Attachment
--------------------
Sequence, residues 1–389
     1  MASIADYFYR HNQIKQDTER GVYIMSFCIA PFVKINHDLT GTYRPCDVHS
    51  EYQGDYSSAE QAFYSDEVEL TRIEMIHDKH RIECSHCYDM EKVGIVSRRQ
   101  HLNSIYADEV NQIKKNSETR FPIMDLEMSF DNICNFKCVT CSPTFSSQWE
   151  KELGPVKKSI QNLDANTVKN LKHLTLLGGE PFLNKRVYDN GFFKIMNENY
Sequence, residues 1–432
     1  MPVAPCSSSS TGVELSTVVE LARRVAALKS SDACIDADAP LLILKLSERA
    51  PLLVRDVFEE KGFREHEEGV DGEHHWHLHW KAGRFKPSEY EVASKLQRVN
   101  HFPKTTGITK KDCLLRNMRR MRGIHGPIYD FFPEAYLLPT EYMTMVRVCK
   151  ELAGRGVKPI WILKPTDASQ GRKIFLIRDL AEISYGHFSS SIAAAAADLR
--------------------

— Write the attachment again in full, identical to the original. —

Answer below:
Sequence, residues 1–389
     1  MASIADYFYR HNQIKQDTER GVYIMSFCIA PFVKINHDLT GTYRPCDVHS
    51  EYQGDYSSAE QAFYSDEVEL TRIEMIHDKH RIECSHCYDM EKVGIVSRRQ
   101  HLNSIYADEV NQIKKNSETR FPIMDLEMSF DNICNFKCVT CSPTFSSQWE
   151  KELGPVKKSI QNLDANTVKN LKHLTLLGGE PFLNKRVYDN GFFKIMNENY
Sequence, residues 1–432
     1  MPVAPCSSSS TGVELSTVVE LARRVAALKS SDACIDADAP LLILKLSERA
    51  PLLVRDVFEE KGFREHEEGV DGEHHWHLHW KAGRFKPSEY EVASKLQRVN
   101  HFPKTTGITK KDCLLRNMRR MRGIHGPIYD FFPEAYLLPT EYMTMVRVCK
   151  ELAGRGVKPI WILKPTDASQ GRKIFLIRDL AEISYGHFSS SIAAAAADLR